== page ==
The Central Bank of Kenya (CBK) on Monday retained the base lending rate at 8.75 per cent shrugging off rising concerns over inflation.
This has spared borrowers any increases in the cost of loans from February after the Monetary Policy Committee (MPC) sent its signal to banks to hold interest rates steady.
The inflation-targeting MPC said its earlier action of tightening monetary policy in November last year and its expected impact was still transmitting through the economy.
The MPC added while inflation has breached the government target band of 2.5 and 7.5 per cent, the planned importation of key food staples like Maize would relieve the inflationary pressures.
"The Committee noted that the impact of the further tightening of monetary policy in November 2022 to anchor inflationary pressures was still transmitting in the economy," said MPC chairperson and CBK Governor Patrick Njoroge.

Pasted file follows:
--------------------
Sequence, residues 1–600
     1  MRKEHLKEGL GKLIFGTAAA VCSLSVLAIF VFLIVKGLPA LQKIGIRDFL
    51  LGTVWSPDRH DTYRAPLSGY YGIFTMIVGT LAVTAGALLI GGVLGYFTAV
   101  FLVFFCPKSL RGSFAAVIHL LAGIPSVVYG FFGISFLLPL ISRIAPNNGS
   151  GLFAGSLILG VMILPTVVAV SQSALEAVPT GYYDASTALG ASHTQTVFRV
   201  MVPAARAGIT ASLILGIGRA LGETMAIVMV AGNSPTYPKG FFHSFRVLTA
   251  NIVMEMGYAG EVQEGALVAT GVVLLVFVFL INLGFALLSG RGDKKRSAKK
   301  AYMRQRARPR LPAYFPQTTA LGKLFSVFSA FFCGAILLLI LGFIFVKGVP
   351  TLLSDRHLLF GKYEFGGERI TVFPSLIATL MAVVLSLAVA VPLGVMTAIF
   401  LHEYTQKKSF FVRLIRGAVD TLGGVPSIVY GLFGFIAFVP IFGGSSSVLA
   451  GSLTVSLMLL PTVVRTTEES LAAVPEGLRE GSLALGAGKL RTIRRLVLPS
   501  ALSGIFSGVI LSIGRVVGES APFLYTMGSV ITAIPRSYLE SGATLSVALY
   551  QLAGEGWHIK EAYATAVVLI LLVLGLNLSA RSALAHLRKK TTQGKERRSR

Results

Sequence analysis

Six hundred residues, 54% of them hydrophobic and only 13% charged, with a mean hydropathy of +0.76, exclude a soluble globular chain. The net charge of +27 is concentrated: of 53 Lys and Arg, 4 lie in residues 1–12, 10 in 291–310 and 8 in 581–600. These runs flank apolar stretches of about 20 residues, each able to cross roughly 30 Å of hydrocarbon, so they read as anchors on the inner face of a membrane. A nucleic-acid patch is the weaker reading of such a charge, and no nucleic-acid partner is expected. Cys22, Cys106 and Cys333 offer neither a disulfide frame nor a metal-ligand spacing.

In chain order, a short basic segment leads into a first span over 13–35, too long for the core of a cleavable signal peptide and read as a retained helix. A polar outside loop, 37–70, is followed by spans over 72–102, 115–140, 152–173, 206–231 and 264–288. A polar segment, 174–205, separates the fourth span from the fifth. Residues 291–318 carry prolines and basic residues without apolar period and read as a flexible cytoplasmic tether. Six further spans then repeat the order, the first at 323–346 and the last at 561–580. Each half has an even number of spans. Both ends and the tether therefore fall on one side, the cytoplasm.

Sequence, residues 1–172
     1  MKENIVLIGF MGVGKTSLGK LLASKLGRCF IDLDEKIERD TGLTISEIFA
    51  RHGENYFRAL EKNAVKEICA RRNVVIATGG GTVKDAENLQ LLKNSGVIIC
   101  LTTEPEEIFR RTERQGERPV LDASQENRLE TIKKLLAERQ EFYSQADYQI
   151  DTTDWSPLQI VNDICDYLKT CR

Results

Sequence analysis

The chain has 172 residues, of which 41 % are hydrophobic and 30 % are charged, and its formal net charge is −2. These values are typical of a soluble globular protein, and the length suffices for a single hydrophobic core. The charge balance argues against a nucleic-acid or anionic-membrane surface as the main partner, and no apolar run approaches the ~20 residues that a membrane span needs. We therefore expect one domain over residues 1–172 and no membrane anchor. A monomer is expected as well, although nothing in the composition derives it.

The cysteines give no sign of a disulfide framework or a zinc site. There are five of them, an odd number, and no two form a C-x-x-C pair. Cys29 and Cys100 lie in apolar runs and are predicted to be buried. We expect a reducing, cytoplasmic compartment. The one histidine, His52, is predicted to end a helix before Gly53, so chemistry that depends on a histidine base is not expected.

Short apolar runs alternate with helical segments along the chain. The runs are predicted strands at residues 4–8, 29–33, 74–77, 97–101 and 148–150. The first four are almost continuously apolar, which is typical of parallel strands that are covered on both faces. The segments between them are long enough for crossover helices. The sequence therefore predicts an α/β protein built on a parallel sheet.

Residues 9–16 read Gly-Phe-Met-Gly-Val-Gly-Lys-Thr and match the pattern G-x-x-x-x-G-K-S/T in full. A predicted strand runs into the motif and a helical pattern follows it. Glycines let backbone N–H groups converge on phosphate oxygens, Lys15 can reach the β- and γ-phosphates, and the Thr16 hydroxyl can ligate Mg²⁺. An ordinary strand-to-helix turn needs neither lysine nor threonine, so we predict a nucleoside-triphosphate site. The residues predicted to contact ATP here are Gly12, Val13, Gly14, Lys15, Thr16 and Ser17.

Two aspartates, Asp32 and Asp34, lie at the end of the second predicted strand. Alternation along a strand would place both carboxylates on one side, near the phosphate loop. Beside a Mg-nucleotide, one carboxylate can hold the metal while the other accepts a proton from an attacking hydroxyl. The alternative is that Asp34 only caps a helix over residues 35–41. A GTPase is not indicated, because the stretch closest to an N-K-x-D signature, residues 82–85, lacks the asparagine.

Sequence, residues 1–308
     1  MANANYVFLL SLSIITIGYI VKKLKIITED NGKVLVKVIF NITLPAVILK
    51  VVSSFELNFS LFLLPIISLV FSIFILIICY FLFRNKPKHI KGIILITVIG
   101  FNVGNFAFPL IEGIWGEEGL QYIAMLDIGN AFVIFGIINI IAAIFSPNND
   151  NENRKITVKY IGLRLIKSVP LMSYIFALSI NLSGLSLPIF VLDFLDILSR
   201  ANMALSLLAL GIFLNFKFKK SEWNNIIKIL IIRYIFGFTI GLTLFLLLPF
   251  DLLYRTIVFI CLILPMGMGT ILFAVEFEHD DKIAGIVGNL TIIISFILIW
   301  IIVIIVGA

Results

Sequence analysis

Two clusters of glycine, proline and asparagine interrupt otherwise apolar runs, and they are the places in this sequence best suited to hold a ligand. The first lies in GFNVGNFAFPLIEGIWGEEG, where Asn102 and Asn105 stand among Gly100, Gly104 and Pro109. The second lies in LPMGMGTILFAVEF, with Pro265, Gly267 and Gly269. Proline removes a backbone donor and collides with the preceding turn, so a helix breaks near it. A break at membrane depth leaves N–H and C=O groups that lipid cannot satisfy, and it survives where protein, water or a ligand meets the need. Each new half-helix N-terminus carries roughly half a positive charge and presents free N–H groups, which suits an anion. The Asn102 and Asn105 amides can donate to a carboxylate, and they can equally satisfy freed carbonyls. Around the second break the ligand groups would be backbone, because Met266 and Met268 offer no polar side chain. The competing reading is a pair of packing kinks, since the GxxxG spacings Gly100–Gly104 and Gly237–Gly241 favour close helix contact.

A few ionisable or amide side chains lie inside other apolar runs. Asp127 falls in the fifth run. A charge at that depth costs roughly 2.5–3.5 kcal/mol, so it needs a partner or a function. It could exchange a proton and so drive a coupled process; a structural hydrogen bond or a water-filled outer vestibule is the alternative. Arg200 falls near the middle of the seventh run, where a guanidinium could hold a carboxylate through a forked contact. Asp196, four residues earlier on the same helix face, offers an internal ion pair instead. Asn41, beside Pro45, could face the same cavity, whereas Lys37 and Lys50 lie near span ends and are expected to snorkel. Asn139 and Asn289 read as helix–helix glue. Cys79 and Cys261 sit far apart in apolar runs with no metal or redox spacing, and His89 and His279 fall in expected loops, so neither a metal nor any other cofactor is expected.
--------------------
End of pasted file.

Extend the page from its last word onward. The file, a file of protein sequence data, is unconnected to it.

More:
"Additionally, the MPC noted that this action will be complemented by the recently announced Government measures to allow limited duty-free imports on specific food items, which are expected to moderate prices and further ease domestic inflationary pressures."
Inflation decreased to 9.1 per cent in December 2022 from 9.5 per cent in November. The inflation figures for January are expected to be released by KNBS on Tuesday.
The MPC said the number of loan applications and approvals has increased, reflecting improved demand with increased economic activities.
"Growth in private sector credit increased to 12.5 per cent in 2022 compared to 8.6 per cent in 2021," said Dr Njoroge.
"The MPC concluded that the current monetary policy stance remains appropriate, and therefore decided to retain the Central Bank Rate (CBR) at 8.75 per cent."